Comprehensive Primary Care Initiative Seeks to Support Primary Care
Yesterday, the Centers for Medicare & Medicaid Services (CMS) announced a new, four-year initiative to improve primary care for Medicare and Medicaid beneficiaries. Made possible by the Affordable Care Act, the initiative seeks to support primary care’s role in promoting patients’ health, strengthening care coordination and reducing overall health care system costs.
Under this Comprehensive Primary Care initiative, administered by the Center for Medicare & Medicaid Innovation (CMMI), CMS will collaborate with commercial and state health insurance plans; so far, insurers operating across eight different states have agreed to participate. Together, these agencies will offer bonus payments to primary care providers to help them provide enhanced, comprehensive primary care services. Enhanced services include longer, more flexible hours of provider availability, use of electronic medical records, delivery of preventive services, improved care coordination and individualized treatments for patients living with chronic conditions and other high medical needs.
According to CMS, the initiative’s multi-payer system will build on previous efforts to improve primary care delivery. The collaboration will pool the resources of independent health insurers and collectively invest them in transforming primary care practices and making a broader array of services available to patients. CMS will choose approximately 75 primary care practices in the areas served by the participating insurers. Applications for the Comprehensive Primary Care Initiative will be accepted until July 20.
Read more about the Comprehensive Primary Care Initiative.
Apply to participate in the initiative as a primary care provider.
Study Shows Experience with Integrated Plans for Duals is Limited
Many states are currently developing models to improve care coordination for dual-eligibles, or people with both Medicare and Medicaid—a population that accounts for a disproportionate amount of spending in both programs. But states and health insurance plans have little experience coordinating Medicare and Medicaid benefits for dual-eligibles within a single integrated plan, reports a study published in this month’s issue of Health Affairs (“There is Little Experience and Limited Data to Support Policy Making on Integrated Care for Dual-Eligibles”). Additionally, very few duals are currently enrolled in fully integrated plans, which are meant to coordinate care across Medicare and Medicaid. Most people receive benefits for each of these programs separately.
The study utilizes data from Medicare and Medicaid managed care plans, including Special Needs Plans for dual-eligibles (D-SNPs), the Program of All-Inclusive Care for the Elderly (PACE) and Medicaid managed care, to examine dual-eligible enrollment. PACE is a fully integrated program that provides all services covered by Medicare and those offered under a state’s Medicaid program. The study found that less than 1 percent of duals were enrolled in a PACE program in almost every state. Nationally, only 12 percent of dual-eligibles were enrolled in a D-SNP. And in most states, there is no or little enrollment of duals in comprehensive Medicaid managed care plans.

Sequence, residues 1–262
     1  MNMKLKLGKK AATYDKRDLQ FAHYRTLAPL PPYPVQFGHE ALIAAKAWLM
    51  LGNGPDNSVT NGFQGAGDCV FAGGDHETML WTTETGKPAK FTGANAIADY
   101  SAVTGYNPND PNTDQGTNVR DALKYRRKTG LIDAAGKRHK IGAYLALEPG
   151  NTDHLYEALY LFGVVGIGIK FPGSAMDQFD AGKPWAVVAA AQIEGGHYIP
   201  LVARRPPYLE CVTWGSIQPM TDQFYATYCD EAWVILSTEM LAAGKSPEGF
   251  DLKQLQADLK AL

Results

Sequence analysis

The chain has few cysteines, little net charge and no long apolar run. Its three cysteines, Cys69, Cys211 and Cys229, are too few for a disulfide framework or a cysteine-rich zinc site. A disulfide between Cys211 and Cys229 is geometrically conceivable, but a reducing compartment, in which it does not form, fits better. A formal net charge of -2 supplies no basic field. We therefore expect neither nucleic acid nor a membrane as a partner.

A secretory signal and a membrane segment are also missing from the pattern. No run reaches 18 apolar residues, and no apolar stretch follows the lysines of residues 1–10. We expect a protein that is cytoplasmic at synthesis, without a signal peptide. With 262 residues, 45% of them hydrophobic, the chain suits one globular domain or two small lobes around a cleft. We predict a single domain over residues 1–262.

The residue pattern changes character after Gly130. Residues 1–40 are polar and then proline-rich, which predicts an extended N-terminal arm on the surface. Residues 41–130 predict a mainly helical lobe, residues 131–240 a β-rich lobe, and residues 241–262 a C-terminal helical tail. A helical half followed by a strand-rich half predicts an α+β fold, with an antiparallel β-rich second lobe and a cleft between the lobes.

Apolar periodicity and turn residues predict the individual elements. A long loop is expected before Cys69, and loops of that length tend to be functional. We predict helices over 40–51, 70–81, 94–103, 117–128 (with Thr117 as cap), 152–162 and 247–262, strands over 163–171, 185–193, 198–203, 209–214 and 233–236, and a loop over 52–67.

According to the study, there exists a need for better and more comprehensive information about current enrollment in integrated plans. Analysis of available enrollment data shows that states have very limited experience with integrating Medicare and Medicaid for dual-eligibles. The authors contend that as a result, policymakers should exercise caution when considering policies that would rapidly require states to coordinate integrated care for these individuals.
Read the Health Affairs article.
Medicare will cover outpatient physical and occupational therapy, as well as speech therapy services, if:
- They are medically necessary;
- Your doctor or therapist sets up the plan of treatment; and
- Your doctor periodically reviews the plan to determine how long you will need therapy.
Generally, Medicare will only cover therapy services if your condition can improve or if your condition would deteriorate without therapy.
You can access therapy services as an outpatient of a participating hospital, rehabilitation agency, comprehensive outpatient rehabilitation facility (CORF) or public health agency. If you qualify for home health benefits, you can access therapy services from your home health care agency, and if you qualify for skilled nursing facility (SNF) benefits, you can access therapy services from your SNF. You may also be able to receive services from a privately-practicing and Medicare-approved physical, speech or occupational therapist in his or her office or in your home.
In 2012, Medicare will cover up to $1,880 for physical and speech therapy combined, and an additional $1,880 for occupational therapy. If you are approaching the limit and need more therapy, your doctor can request additional therapy. If Medicare denies the claim, you can appeal.
Learn more about Medicare coverage of outpatient therapy services at www.medicareinteractive.org, or call our helpline at 800-333-4114.
What will happen if the Supreme Court repeals the Affordable Care Act? The number of uninsured Americans will continue to increase, and there will be “chaos” in the health care delivery system, said Bruce Vladeck in a recent interview with Kaiser Health News. Vladeck, who is chairman of the Medicare Rights Center’s board of directors, also stated that implications for the future of health care—including that of the Medicare program—remain uncertain at this time, absent a decision from the court.
Watch the interview.